Crate Training

Teaching fido to crate himself

Crate Training

Thursday, October 8, 2015 | NHS Behavior Department

Teaching your dog to go into his crate on his own is easiest when you keep it fun. Show him what you want him to do by using small steps and lots of yummy treats. Here's an example to get you started:

Goal Behavior: Fido will get into his crate when asked to "kennel."

Rewards: Small pieces of cut-up hot dog, chicken, or other tasty dog treats. Treats only need to be about the size of a pea. Using smaller rewards will keep Fido working longer and allow him to eat quickly and stay focused.

Steps to get there:

  1. Gather up your treats and encourage Fido over to the crate with you. Have the door open and reward him for any movement toward the crate. Give him the treat close to the crate.  
  2. If your dog walks into the crate, praise him and give treats at the back of the crate. If he seems a little hesitant, reward any movement into the crate and treat just in front of him. Allow him to back out if he wants to. If at any point he goes all the way in, praise him and give lots of treats at once so he really understands going in is rewarding.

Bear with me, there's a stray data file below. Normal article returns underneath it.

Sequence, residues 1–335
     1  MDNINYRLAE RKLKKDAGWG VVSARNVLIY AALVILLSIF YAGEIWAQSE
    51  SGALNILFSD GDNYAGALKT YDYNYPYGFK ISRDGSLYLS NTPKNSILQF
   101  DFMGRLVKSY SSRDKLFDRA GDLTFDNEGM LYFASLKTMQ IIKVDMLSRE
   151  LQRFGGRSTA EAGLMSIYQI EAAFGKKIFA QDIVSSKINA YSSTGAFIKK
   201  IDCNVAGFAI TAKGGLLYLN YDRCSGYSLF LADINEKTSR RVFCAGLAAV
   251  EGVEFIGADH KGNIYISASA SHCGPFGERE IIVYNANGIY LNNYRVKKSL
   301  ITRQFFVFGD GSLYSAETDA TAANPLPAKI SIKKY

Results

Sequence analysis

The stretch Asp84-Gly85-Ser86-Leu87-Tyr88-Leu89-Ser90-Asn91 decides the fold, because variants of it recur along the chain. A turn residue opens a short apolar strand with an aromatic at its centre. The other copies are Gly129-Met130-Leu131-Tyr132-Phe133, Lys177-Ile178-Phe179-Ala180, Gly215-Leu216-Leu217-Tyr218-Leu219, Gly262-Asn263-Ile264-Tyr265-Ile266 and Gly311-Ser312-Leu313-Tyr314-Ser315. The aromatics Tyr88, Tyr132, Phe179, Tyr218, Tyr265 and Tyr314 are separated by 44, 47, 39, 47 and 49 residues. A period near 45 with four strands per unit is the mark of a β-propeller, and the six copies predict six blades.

3. Once Fido is comfortable going into the crate, say, "kennel" as he heads inside and reward him at the back of his crate. Encourage him out and when he turns to go back in, say "kennel" and treat him again.
  4. As he gets good at going in and out, start making him wait for you to say, “Kennel.” If he dashes off too quickly, call him back to you and then ask him to "kennel." From this point on, he only gets a treat for going in the crate when you ask him to.

Note: Don't forget to reward Fido for coming out of the crate when you ask him to. We want him to remember being out of the crate is just as wonderful as being in.

Keep your training sessions short and reward often: This will keep your time together fun for both you and your dog. If you don’t get through all the steps in one session, don't worry. End on a positive note while you're both having fun, and try again later. This will help keep Fido motivated and wanting to learn.

Remember: When leaving your dog in his crate for a while, let him relieve himself outside first and provide him with something to keep him busy while you're gone.

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